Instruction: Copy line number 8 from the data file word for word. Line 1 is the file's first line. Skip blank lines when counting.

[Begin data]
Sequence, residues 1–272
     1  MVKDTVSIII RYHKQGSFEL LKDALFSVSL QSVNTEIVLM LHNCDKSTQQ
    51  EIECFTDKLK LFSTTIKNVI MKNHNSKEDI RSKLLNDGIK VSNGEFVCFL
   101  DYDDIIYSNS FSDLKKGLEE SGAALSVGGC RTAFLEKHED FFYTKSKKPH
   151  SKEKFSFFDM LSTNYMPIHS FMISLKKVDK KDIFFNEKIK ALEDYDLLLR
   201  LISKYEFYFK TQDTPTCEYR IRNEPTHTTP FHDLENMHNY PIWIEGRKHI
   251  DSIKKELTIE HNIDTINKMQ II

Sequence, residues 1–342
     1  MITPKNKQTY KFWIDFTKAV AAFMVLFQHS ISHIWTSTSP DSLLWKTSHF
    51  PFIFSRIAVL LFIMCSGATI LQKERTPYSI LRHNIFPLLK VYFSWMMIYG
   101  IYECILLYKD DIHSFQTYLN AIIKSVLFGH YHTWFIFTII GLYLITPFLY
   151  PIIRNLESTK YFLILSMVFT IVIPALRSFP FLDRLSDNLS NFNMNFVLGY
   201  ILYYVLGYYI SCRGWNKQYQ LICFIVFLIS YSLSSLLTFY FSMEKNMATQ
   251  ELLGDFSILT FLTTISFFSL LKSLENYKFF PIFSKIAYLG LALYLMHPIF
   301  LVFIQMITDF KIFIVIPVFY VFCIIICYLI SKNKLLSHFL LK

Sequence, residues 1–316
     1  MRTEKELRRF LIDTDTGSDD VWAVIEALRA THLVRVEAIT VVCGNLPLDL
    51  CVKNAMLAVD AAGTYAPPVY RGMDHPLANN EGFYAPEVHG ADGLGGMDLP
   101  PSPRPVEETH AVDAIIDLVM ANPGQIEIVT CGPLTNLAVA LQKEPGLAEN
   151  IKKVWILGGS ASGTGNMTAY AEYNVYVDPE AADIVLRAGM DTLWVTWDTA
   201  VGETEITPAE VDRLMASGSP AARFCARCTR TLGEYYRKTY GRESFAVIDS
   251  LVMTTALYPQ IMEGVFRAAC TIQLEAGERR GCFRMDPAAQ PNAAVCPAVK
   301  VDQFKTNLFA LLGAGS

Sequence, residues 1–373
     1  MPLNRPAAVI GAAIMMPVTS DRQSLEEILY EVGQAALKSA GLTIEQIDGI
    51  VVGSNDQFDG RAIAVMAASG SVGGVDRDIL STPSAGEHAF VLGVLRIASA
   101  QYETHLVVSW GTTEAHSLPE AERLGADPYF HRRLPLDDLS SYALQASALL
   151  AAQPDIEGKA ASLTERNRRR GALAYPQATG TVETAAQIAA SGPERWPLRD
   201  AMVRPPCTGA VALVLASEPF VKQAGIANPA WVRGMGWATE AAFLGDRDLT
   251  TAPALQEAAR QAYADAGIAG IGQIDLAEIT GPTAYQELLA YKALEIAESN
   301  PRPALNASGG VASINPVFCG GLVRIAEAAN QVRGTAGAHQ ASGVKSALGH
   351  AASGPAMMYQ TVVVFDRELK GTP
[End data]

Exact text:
Sequence, residues 1–342